To study factors associated with an increased risk of subsequent surgery in a cohort of women undergoing abdominal myomectomy. We followed 65 women undergoing abdominal myomectomy performed by the same experienced surgeon for a mean of 83.6 ± 35.0 months to assess the occurrence of both laparotomies and minimally invasive surgeries for uterine leiomyomas. Surgical and pathologic variables from the initial myomectomy as well as information on sociodemographic and anthropometric variables collected during a subsequent survey were correlated with the need for further surgery. Women with uterine size greater than 12 menstrual weeks had a substantially reduced risk of undergoing a second surgery (multivariate hazard ratio 0.1, 95% confidence interval 0.01, 0.4) compared with women having smaller uteri. Weight gain in excess of 30 pounds since age 18, relative to weight gain of 10 or fewer pounds is also associated with an increased risk of recurrent surgery (multivariate hazard ratio 4.8, 95% confidence interval 1.2, 18.5). Women with uterine size less than 12 menstrual weeks at the time of abdominal myomectomy may be at increased risk of second surgery. Weight gain after age 18 may also modify the risk of recurrent surgery. These changes may be related to the pathogenic mechanisms underlying myoma formation and growth.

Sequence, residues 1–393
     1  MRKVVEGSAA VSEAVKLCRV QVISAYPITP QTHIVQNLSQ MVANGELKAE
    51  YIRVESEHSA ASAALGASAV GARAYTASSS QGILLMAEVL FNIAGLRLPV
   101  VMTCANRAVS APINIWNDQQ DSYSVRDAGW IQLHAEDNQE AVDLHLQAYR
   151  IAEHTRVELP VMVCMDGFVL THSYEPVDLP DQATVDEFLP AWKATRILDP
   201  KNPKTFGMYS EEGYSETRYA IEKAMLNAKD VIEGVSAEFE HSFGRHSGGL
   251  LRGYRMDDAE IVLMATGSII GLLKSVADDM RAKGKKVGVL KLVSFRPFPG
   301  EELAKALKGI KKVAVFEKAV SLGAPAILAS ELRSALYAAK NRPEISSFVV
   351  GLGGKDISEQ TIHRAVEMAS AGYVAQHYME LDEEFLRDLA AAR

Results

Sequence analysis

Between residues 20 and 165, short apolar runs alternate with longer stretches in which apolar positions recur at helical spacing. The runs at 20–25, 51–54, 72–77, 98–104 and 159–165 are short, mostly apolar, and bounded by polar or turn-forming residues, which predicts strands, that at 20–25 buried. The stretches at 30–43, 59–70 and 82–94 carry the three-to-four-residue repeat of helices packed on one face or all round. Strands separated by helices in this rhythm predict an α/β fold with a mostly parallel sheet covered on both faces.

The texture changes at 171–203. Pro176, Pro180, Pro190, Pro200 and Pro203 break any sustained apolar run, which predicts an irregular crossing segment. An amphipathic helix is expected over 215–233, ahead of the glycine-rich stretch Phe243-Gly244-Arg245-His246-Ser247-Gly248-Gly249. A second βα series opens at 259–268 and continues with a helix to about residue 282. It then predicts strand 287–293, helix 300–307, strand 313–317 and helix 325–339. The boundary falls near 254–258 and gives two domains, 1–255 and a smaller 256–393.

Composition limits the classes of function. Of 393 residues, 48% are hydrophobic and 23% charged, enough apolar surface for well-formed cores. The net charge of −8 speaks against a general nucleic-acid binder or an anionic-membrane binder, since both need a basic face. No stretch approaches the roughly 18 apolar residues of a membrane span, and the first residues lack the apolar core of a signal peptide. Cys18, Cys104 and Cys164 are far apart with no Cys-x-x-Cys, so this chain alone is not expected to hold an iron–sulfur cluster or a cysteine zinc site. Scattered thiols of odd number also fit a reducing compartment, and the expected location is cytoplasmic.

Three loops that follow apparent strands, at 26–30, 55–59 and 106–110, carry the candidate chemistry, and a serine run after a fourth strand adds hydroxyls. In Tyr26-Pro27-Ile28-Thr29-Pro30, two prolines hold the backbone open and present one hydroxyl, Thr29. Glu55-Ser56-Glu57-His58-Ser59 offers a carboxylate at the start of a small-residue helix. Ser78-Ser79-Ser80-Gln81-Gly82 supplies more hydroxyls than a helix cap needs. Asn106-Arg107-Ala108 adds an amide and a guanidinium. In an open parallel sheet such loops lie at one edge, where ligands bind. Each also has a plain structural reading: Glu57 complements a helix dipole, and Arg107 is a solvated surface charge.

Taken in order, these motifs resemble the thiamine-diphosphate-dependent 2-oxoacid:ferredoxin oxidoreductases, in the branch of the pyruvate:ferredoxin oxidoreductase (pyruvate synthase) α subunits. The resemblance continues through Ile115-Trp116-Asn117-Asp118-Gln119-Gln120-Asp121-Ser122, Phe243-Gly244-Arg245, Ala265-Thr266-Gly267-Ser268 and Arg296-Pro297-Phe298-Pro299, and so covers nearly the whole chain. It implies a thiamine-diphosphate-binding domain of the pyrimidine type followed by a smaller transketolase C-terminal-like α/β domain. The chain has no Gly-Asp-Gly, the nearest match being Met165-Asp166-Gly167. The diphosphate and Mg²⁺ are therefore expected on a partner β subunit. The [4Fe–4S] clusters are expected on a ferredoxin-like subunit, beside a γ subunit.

Bibliographical noteFunding Information:
Supported by National Institutes of Health Grant HD-115301 and the Buthaina Al-Saleh Sultan Fund.
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